Why is Asia so hungry for Australia's food?

How exciting was it to see the first international flight leave Brisbane West Wellcamp Airport in Toowoomba last week laden with high-value food products for Asia?

Premium Australian macadamia nuts in a bowl: Aussie producers should be looking towards supplying Asia with high-grade, value-added products, says CSIRO's Dr Chris Downs..
Premium Australian macadamia nuts: Aussie producers should be looking towards supplying Asia with high-grade, value-added products, says CSIRO's Dr Chris Downs.
CSIRO

Frozen and chilled beef, pecans and macadamias, mangoes, organic chicken and ready to eat lettuce and baby spinach from local producers went to Hong Kong and Shanghai.

The airport is a $200 million private investment by Toowoomba’s Wagner family and purpose built for export with the view to sending Australian foods from South East Queensland and the surrounding regions direct to Asia’s tables. This first flight by Cathay Pacific was a test but the Wagners are working on establishing a regular schedule to China.

This is a new channel for exports from a highly productive agricultural area. It’s a great example of the way in which Australia could be growing its exports as we move from a predominantly lower-value commodity base to high-value food products. This new channel potentially gets our premium foods to Asian plates faster than if transported via other Australian ports first. In fact, local lettuce and salad producer Anne Story told media on the day of the flight that this could mean they get product to consumers in Asia faster than they can get product to consumers in Melbourne.

So why is Asia so hungry for our food?

Australia’s food is known to be among the best in the world. It is premium quality, healthy and often packaged in highly convenient ways. Demand from Asian consumers for products such as premium chilled meat portions, wine, fruit and vegetables has been growing for some time. Demand for Australian-made infant formulas has also surged for the same reasons.

When the China-Australia Free Trade Agreement comes into force, 95 percent of Australian exports to China are expected to be tariff-free, and should give the Australian food and beverage industry, among others, even more of an export boost.

Australian food manufacturers are growing in their knowledge of what Asian consumers want in their foods, such as their preferred flavours, textures, appearance, packaging, eating occasions and gifting occasions. The challenge for manufacturers now is to gain a sophisticated understanding of how they can meet the needs of the Asian consumer.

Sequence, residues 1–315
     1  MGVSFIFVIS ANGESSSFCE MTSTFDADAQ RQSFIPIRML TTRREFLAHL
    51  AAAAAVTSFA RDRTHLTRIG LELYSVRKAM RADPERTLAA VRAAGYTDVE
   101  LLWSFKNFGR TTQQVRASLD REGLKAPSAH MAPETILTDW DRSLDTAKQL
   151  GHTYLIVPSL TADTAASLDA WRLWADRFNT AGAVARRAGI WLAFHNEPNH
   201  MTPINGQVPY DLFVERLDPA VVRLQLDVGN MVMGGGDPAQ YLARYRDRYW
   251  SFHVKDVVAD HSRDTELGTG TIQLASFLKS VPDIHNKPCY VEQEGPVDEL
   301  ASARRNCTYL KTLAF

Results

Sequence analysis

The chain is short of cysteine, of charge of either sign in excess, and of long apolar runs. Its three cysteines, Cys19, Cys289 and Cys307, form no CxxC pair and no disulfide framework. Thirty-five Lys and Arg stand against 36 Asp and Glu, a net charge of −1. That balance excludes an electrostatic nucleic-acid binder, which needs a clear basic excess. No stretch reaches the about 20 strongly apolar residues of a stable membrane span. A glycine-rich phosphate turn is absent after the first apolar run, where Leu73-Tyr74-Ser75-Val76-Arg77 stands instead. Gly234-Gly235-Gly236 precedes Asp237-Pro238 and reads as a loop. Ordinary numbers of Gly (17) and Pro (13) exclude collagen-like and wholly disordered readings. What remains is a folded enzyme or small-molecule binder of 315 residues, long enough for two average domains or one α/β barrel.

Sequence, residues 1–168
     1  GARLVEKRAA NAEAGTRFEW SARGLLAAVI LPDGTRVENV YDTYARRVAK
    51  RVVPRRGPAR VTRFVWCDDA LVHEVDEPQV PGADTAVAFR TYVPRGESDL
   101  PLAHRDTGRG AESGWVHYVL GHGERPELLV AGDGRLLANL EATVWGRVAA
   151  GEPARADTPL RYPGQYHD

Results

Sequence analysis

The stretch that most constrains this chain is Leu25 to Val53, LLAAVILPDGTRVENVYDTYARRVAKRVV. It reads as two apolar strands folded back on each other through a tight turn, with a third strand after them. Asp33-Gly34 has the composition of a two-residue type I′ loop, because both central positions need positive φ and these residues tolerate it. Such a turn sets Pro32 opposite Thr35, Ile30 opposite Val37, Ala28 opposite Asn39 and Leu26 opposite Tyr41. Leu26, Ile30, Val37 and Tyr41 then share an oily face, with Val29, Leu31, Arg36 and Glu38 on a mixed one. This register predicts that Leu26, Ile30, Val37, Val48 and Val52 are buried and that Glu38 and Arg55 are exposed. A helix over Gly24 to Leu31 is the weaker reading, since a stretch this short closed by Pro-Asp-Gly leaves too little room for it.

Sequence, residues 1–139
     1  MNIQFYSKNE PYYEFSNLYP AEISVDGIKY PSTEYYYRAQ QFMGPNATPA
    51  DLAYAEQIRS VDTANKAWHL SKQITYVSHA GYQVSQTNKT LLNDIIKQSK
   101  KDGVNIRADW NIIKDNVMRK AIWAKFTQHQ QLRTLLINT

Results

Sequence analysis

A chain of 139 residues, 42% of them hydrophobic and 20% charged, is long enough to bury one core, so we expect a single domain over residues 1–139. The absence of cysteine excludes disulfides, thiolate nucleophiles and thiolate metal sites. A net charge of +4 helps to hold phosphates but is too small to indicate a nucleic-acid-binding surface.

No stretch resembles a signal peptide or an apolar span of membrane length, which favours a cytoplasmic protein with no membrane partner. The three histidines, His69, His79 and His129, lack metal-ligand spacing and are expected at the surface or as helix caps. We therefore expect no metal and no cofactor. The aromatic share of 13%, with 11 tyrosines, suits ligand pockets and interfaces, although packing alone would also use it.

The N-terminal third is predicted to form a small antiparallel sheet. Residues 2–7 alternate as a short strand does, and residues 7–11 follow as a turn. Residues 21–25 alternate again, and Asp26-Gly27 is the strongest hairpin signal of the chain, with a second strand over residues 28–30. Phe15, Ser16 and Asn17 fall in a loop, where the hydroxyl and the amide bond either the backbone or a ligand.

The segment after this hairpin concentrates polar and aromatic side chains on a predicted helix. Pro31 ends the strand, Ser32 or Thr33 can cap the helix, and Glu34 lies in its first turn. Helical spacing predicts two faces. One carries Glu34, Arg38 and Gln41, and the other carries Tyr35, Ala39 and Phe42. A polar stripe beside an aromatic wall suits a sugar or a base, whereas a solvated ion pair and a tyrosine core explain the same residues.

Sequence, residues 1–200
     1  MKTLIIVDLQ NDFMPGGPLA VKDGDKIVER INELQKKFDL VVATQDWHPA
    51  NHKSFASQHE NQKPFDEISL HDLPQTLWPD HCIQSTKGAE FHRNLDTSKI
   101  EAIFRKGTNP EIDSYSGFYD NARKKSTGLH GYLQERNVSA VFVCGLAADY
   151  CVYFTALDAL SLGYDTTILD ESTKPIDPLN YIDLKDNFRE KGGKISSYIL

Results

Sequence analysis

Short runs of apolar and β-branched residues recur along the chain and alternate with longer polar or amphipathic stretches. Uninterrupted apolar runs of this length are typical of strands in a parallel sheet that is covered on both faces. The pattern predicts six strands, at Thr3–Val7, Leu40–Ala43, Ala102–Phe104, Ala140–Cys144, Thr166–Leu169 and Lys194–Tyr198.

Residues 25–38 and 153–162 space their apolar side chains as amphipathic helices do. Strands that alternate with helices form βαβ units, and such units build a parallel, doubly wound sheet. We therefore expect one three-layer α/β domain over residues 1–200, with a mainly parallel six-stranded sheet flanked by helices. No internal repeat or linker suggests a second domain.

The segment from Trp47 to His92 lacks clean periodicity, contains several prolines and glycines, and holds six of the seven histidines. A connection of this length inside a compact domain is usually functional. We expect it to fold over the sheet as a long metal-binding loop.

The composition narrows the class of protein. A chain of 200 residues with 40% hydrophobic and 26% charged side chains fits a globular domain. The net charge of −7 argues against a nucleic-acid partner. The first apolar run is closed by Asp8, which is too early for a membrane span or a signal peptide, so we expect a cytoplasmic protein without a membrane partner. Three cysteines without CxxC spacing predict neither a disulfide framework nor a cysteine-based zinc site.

CSIRO is working closely with the Queensland government and food companies in the surrounding regions to develop innovative, value-added products that are healthy, safe, convenient and sustainably produced. Our national expertise in consumer insights, particularly for Asian markets, is a valuable resource for food manufacturers in the region. CSIRO's Brisbane Food Innovation facility, coupled with the new export landscape such as the Wellcamp Airport, offers much opportunity for the region’s food and agriculture industries.

Australian macadamia nuts are fetching record-high prices, globally, especially in Asia, with demand far outstripping supply.
Australian macadamia nuts are fetching record-high prices, globally, especially in Asia, with demand far outstripping supply.
Jessica Merz, Flickr CC, wwwflickrcomphotosjessicafm

Australia as a supplier of premium foods to Asia

Australia shouldn’t be the ‘food bowl’ to Asia as a mere supplier of calories. It’s the ‘delicatesson’ to Asia: a provider of high-quality, high-value-added products. Admittedly, most of Australia’s current exports are still only processed to the extent necessary to stabilise them or provide a convenient format for transport. However, we should work towards providing value-added, premium, select food and beverage products to the rising Asian middle classes, who have the desire and ability to pay for them.

What do we mean by premium, value-added food products? A good example is ready-to-eat meals. Ready-to-eat meals are not the TV dinners of old – now they can be chef-designed, highly nutritious packages that meet consumer demands for convenience, ease and nutrition. Meals are multi-component products, and as such they bring together opportunities to add value to horticultural produce such as vegetables, meat and sometimes seafood, pastas and rice.

This month’s Frost and Sullivan market insight report, ‘Review of Ready-to-Eat Meal Products Market in Asia Pacific’, estimates that the total revenue from the ready-to-eat meals category will grow from US$3.2 billion in 2014 to US$4.7 billion in 2021, a growth rate of 5.7 percent per annum. The drivers for this growth are increasing urbanisation, purchasing power and an interest in ethnic foods.

However, the report also states that there is an underpinning need to develop better technologies to improve the storage and shelf life of the category. Meals are technically challenging because they comprise a range of different food components.

CSIRO is introducing new technologies, such as high-pressure processing, to support the development of high-quality, shelf-stable, extended-shelf-life ready-to-eat meals. CSIRO's Total Wellbeing Diet is also helping design meals and ensure they are targeted to optimise health and nutrition.

The Brisbane West Wellcamp Airport opens up exciting thinking for other regions who might contribute to exporting innovative food products. It’s an example of how to think differently and change the opportunity landscape. But to make the most out of this hunger of Asia’s for our food products, let’s make sure we innovate along the way.

Find out more about CSIRO’s Food Innovation Centres.

Originally published on CSIRO’s site.

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